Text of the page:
Regulating vocal cord mucus levels is an important part of voice training. Excess mucus can prevent a voice from performing well, render singing practice unproductive, and potentially lead to vocal damage.
Keep in mind, however, that a healthy level of mucus is desirable, as it helps to keep the vocal cords lubricated. Notably, the vocal cords can vibrate hundreds of times per second! This vibration happens most efficiently when the vocal cords are wet and slippery.
What Causes Mucus in the Throat?
The surface layer of the vocal cords contains mucosa, which produces lubricating mucus. A healthy amount of mucus on your vocal cords helps to prevent abrasion. In other words, the vocal cords need mucus to prevent them from scraping against each other and causing tissue damage.
Mucus vs. Phlegm
The respiratory tract, which houses the voice box, produces mucus and phlegm. Essentially, they’re the same thing. However, mucus is usually considered a normal protective layer, and phlegm is seen as a thick secretion associated with a virus or disease.
While this mucus production is healthy and normal, if you feel that you have too much mucus, it might be a good idea to see a doctor. However, there are several things you can do to deal with all that mucus as well as protect your vocal health, as well as one big thing that you should avoid:
Protect Your Vocal Cords: Stop Throat Clearing
While it may be tempting to clear your throat every time you feel like you have excessive mucus, habitual throat clearing can actually create a vicious cycle that damages your vocal cords and encourages even more mucus production.
Instead of throat clearing, here are some techniques that have helped our students to clear excess mucus from their vocal folds as well as protect their singing voice and prevent further vocal problems down the line.
10 Steps to Decrease Vocal Mucus
1. Drink more fluids, especially warm ones.
Water and herbal tea are great for making stubborn mucus in the throat make its way out. Try alkaline water with a pH greater than eight, and make sure not to fill your tea with added sugar and cream.
However, beware of beverages with added sugars, tons of caffeine, dairy, and high acidity. These can all lead to more mucus production.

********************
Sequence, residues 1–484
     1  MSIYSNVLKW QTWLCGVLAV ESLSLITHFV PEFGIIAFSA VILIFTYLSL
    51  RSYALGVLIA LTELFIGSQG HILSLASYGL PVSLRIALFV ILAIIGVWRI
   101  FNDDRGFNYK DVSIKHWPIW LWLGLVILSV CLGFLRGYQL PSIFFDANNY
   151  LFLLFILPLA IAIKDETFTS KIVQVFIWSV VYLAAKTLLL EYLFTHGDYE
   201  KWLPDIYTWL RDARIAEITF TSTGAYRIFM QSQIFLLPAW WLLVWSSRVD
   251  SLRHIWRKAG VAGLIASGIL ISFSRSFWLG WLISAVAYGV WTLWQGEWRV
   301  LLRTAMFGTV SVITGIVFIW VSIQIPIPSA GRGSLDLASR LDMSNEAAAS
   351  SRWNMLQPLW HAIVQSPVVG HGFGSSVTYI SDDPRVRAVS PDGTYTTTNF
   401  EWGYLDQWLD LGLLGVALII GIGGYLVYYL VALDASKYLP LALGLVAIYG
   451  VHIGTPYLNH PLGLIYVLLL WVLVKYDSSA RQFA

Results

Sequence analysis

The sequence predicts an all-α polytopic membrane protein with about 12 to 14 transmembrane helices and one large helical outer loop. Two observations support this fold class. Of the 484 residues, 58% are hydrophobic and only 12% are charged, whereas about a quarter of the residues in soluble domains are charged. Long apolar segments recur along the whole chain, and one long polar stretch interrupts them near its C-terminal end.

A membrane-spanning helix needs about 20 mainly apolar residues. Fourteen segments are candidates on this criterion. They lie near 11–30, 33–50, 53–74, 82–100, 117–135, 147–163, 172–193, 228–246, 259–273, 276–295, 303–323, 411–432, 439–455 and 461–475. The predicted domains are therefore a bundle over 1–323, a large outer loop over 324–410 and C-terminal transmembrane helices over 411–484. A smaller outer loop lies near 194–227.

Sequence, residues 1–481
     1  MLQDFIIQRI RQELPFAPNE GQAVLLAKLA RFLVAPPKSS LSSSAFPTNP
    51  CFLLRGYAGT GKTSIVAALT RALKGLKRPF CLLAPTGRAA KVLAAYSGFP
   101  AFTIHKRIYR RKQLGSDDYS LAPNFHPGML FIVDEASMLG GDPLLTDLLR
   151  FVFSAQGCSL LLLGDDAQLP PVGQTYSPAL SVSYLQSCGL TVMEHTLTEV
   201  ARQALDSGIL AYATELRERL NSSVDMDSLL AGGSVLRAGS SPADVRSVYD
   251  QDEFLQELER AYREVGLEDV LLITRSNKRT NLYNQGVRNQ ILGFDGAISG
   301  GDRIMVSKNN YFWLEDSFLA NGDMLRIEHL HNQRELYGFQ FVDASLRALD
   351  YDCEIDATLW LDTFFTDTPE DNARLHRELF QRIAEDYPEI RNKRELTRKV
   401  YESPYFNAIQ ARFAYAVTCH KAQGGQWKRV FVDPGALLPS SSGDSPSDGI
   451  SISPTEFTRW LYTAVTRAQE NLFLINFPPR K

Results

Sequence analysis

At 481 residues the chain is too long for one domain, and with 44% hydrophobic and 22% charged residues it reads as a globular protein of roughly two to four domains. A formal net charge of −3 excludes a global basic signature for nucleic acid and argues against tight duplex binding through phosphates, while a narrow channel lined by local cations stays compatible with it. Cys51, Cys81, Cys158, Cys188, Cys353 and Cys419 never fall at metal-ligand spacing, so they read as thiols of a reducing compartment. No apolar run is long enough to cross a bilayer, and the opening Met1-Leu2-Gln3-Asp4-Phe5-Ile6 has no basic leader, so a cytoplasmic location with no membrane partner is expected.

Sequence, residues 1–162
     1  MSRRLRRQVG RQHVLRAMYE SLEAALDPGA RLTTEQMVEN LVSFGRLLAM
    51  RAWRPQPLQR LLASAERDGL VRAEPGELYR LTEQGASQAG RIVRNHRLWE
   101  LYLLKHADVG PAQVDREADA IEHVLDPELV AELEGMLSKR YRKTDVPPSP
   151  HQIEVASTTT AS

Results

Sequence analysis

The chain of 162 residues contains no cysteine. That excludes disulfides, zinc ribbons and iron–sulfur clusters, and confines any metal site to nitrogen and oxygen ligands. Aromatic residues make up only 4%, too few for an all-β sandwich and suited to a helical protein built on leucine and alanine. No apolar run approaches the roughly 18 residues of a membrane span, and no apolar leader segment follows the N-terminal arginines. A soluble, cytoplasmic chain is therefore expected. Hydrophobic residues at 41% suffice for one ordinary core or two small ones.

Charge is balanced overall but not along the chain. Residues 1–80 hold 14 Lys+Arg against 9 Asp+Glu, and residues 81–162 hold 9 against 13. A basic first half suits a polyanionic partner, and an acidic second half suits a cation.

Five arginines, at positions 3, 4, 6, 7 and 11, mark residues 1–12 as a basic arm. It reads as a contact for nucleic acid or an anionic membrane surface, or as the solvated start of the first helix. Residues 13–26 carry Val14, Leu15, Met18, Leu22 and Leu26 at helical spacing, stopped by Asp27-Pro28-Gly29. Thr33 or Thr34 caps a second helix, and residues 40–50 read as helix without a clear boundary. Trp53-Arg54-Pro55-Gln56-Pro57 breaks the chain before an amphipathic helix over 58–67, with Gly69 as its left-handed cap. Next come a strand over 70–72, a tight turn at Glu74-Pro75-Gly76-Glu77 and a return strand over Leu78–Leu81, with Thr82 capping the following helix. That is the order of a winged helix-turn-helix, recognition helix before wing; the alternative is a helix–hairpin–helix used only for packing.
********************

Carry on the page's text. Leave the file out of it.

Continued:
2. Use a nebulizer with an isotonic saline solution.
Did you know the water you drink doesn’t touch your vocal cords? If it did, water would go down into your lungs! The trick for cleansing excessive mucus from your vocal cords using water is to inhale it as a mist.
Here’s my favorite nebulizer for singers: myvocalmist.com (not an affiliate link). For best results, use this every day, 15 minutes before singing. This product not only helps to cleanse excess mucus but also hydrates the vocal tract.
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3. Protect your cilia! (Avoid Smoking)
Cilia are tiny hair-like structures in the lungs that help to move mucus. Smoking damages cilia, thus rendering these structures incapable of clearing out mucus.
4. Clean up your diet.
While food sensitivity varies from one person to another, a diet full of processed foods, dairy products, excess sugar, and alcohol is often a large cause of excess mucus.
5. Humidify your air.
It may sound surprising, but dry air can cause a buildup of thick mucus in the throat as your body tries to humidify air before it enters your lungs. Running a humidifier in your room while you sleep can be a game-changer for your mucus levels.
6. Change your air filter.
Air filters help to remove mold, dust, and other contaminants from the air in your home. Invest in a high-quality filter to get the best results. Make sure you stay on top of replacing air filters at the proper times.
7. Reduce exposure to allergens.
Allergens irritate the mucous membrane in the respiratory tract, which often causes an overproduction of mucus. Everything from pollen to cat dander can cause excess mucus in the throat.
8. Manage acid reflux. Beware of silent reflux.
Acid reflux is a common source of excess mucus in the throat. Check out leading acid reflux researcher Dr. Jamie Koufman’s article for singers here.
Singers often say they have no issue with acid reflux and yet have no idea about silent reflux, also called laryngopharyngeal reflux (LPR). Interestingly, many of these singers will express symptoms congruent with a reflux issue!
9. Beware of medications.
While they are too many to list, countless medications can cause a buildup of thick mucus in the throat. Ironically, many singers report that drying medications can make the issue worsen. Ask your doctor or pharmacist if your medications may be causing this and what you can do to mitigate its effects.
Accutane, for example, often causes extreme dryness, which leads to excessive mucus production. Using a humidifier, increasing water intake, herbal teas, avoiding caffeine, and other natural remedies can help combat the medication-induced mucus problem.
10. Avoid overusing your voice.
Vocal inflammation from overuse causes mucus to build in the throat. In general, singers should make lifestyle sacrifices in order to preserve the voice in a healthy and relaxed state. This means no shouting at events, not trying to speak in loud environments, etc.
One Step at a Time
In order to avoid burnout, don’t try changing too much at once. The best thing any singer can do for their voice is to never stray off the path of improvement. If this list has revealed multiple items that need change in your life, change one at a time, maybe one or two per week. Every small step makes a difference!
Benny Meza is a Master Associate at Brett Manning Studios in Nashville, TN. He’s taught over 9,000 vocal lessons and has worked with clients from Warner Music, RCA, Universal Music Group, and many others.